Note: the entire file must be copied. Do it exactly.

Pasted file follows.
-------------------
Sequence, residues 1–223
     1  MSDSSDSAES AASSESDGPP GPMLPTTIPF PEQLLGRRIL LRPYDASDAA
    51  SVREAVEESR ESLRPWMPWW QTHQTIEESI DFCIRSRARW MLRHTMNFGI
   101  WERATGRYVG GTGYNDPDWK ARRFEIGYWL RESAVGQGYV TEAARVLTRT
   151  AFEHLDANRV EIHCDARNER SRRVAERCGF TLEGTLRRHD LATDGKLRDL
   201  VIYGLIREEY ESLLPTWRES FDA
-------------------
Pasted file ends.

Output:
Sequence, residues 1–223
     1  MSDSSDSAES AASSESDGPP GPMLPTTIPF PEQLLGRRIL LRPYDASDAA
    51  SVREAVEESR ESLRPWMPWW QTHQTIEESI DFCIRSRARW MLRHTMNFGI
   101  WERATGRYVG GTGYNDPDWK ARRFEIGYWL RESAVGQGYV TEAARVLTRT
   151  AFEHLDANRV EIHCDARNER SRRVAERCGF TLEGTLRRHD LATDGKLRDL
   201  VIYGLIREEY ESLLPTWRES FDA